SPRINGFIELD, Ill. (AP) — A region that encompasses central and west-central Illinois, including the capital of Springfield, became the latest Thursday to face restrictions on social interaction because of an elevated rate of positive tests for COVID-19.
Gov. J.B. Pritzker's declaration for Region 3, which includes Lincoln on the east edge, Springfield, Jacksonville and west to Quincy, was the ninth of 11 COVID-19 monitoring regions to be placed under “resurgence mitigations” to slow the spread of the coronavirus.
The restrictions, which take effect Sunday, halt indoor bar and restaurant service, closes those establishments at 11 p.m. and limits the size of gatherings to 25 people or 25% of a room’s capacity.
“Something has got to give, and these mitigations aim to cut down on those high-risk activities until we bring down the positivity rate in an area once again ...," Pritzker said. "When every single metric in every single corner of the state is trending poorly, we have to take meaningful action to keep our people safe.”
Positive test rates of 8% or more for three days running triggered the limits in Region 3. Health experts believe the coronavirus is manageable with positive test rates at 5% or lower.
It's the fifth region of the state for which Pritzker has ordered mitigations just this week, including Chicago, the nation's third-largest city, as COVID-19 continues to reach record levels. The Illinois Department of Public Health reported another 6,363 infections on Thursday, a new single-day record, with 56 additional deaths.
Like Senate Republicans a day earlier, four GOP members of the Illinois House from Region 3 held a video conference seeking a reprieve for bars and restaurants, unimpressed that the Democratic governor has promised to make public contact-tracing data to back up his actions by next week. Rep. Avery Bourne of Morrisonville said restauranteurs are particularly conscientious about safety precautions and as a result, no outbreaks or super-spreader events have been linked to such establishments.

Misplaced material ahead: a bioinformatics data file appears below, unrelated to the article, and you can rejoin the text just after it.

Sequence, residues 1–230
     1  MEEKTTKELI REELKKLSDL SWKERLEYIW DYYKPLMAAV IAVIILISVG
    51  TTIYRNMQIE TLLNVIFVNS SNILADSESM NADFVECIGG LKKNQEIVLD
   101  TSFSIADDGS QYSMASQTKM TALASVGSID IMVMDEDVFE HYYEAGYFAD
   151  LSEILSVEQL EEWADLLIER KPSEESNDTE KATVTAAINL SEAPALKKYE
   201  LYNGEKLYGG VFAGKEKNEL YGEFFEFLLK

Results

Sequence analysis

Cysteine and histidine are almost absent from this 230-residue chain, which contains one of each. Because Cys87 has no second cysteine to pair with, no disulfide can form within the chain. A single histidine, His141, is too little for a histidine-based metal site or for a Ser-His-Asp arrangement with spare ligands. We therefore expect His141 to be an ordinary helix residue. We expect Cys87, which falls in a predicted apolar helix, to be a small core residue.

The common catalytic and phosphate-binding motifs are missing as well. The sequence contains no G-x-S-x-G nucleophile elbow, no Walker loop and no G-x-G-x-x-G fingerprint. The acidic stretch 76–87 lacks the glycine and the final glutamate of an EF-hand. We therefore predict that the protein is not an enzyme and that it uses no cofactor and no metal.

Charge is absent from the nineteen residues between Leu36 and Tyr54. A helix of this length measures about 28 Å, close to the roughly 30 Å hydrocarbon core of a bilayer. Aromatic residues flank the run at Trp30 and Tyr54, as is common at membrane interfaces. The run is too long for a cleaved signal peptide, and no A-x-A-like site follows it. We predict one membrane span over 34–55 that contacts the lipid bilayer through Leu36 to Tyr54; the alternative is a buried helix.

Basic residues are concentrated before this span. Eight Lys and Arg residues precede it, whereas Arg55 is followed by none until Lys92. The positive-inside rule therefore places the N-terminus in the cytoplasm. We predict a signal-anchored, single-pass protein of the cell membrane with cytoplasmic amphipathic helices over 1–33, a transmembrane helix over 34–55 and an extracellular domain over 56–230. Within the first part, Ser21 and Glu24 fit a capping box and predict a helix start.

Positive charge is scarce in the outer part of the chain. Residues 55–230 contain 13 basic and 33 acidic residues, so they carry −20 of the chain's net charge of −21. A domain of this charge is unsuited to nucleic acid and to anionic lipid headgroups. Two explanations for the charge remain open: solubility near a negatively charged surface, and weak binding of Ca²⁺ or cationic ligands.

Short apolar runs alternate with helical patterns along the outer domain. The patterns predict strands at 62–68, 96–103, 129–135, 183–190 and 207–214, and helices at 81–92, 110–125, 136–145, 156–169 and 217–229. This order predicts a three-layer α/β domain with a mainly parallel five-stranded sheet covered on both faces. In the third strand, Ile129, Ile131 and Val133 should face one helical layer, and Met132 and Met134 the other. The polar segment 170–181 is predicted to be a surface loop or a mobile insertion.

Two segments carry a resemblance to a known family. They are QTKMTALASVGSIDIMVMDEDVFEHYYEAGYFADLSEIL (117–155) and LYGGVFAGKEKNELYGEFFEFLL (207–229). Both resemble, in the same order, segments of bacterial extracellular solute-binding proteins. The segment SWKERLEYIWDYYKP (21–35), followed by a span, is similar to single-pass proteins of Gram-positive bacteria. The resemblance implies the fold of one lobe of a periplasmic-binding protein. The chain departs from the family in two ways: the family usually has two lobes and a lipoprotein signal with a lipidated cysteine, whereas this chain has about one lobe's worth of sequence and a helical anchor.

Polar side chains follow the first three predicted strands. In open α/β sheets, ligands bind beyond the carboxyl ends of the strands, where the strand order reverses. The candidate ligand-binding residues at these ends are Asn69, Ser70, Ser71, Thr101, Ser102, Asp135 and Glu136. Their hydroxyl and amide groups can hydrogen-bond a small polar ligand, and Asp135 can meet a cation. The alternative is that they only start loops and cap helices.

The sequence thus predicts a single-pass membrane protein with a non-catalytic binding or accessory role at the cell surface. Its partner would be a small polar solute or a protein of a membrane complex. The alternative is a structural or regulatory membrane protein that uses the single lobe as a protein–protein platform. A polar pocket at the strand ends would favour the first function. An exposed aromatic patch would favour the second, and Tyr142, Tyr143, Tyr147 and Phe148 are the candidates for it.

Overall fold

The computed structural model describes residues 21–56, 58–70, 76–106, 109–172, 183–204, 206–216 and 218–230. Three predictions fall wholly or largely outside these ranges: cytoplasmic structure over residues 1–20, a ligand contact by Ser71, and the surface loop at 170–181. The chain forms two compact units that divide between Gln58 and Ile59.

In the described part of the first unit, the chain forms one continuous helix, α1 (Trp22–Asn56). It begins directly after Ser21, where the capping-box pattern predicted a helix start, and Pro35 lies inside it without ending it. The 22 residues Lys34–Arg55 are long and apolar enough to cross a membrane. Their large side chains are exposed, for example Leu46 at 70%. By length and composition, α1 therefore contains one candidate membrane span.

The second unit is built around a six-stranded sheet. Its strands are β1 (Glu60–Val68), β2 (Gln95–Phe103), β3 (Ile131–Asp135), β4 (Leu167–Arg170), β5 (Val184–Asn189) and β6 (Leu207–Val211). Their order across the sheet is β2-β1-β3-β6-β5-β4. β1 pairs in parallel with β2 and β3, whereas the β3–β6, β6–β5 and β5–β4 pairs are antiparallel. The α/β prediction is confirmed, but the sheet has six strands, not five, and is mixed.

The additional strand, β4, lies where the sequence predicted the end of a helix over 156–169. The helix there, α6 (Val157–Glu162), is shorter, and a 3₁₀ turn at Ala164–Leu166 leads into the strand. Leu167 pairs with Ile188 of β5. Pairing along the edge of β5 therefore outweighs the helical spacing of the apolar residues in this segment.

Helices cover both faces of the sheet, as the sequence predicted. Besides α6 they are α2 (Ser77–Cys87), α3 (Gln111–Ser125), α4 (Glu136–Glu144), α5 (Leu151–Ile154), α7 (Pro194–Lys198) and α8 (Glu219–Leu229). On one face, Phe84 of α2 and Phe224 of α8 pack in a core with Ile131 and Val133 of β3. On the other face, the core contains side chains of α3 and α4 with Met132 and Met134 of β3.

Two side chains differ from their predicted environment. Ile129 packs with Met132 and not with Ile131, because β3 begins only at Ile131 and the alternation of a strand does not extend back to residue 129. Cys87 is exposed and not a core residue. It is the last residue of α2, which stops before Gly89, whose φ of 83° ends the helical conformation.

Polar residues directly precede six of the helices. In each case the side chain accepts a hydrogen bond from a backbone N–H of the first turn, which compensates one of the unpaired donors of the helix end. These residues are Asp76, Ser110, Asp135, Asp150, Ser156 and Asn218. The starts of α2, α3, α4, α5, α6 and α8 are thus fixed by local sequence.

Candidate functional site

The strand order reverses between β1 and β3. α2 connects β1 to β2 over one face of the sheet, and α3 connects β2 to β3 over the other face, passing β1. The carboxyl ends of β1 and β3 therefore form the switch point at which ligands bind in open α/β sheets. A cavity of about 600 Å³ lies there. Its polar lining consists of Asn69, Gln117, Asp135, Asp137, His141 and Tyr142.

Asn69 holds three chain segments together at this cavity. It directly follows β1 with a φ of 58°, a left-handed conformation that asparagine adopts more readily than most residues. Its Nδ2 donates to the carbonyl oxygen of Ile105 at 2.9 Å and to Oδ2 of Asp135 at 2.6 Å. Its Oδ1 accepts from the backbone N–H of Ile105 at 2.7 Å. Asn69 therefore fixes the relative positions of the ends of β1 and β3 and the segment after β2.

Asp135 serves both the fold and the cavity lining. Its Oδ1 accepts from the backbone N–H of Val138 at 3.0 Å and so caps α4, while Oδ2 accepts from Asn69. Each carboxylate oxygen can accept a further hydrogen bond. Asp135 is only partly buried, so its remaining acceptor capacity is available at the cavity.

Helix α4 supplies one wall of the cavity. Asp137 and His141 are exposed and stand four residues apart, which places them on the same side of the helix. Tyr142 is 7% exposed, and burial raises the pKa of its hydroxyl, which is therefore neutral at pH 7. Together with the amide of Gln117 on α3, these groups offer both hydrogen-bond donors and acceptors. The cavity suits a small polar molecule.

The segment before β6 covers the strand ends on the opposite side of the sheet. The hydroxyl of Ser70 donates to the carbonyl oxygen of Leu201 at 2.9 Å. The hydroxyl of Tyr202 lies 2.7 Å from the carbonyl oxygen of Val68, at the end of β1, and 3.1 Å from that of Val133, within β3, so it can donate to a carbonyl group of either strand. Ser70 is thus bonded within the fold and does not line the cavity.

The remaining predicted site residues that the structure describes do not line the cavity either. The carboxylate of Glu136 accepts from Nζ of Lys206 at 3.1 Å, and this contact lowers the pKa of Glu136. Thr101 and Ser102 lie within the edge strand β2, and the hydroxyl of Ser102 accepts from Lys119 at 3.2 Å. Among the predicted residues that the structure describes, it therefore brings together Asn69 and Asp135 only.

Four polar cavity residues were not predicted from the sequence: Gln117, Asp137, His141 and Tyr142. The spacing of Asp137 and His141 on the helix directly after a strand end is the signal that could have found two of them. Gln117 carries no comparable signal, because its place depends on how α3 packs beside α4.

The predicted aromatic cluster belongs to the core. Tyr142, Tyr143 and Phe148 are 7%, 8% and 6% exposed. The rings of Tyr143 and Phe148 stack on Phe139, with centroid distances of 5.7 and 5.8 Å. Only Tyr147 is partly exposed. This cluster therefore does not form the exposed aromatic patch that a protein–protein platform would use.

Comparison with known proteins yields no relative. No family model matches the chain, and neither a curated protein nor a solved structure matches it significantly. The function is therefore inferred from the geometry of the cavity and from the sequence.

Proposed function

Rep. Tim Butler of Springfield argued that while he doesn't doubt Pritzker's intentions, his focus on battling the virus has come at the expense of the hardships it's wreaked.
“Today, we’re having it come home to roost where we’re going to get businesses in our districts to shut down because the governor has refused to put the same weight on the economic damage of COVID that he’s doing on the health side of COVID,” said Butler, who is quarantining in his basement after testing positive for COVID-19 last weekend.
Democrats, meanwhile, are not sitting silently by. A senator and four representatives from Chicago wrote to Pritzker and Chicago Mayor Lori Lightfoot asking them to help the affected service sector by giving them top priority for grants, allowing delayed sales tax payments, and waiving late fees and other penalties.
The two sections still resisting crackdowns are Region 2, including Rock Island, Peoria, Bloomington-Normal and Pontiac, and Region 6, with Decatur, Champaign-Urbana, Danville and Charleston.
Pritzker, who has weathered criticism this week from the bars and restaurants that lose business under the rules, went public in Chicago Thursday to showcase his release of $94 million in grant funding for businesses and communities struck by the pandemic. He said there's $19.5 million for bars and restaurants specifically.
In all, Pritzker said the money will be distributed to more than 1,200 business and 163 communities that requested reimbursements of their emergency costs.
Since the pandemic moved into Illinois in March, COVID-19 has claimed 9,675 lives amid 395,458 cases.
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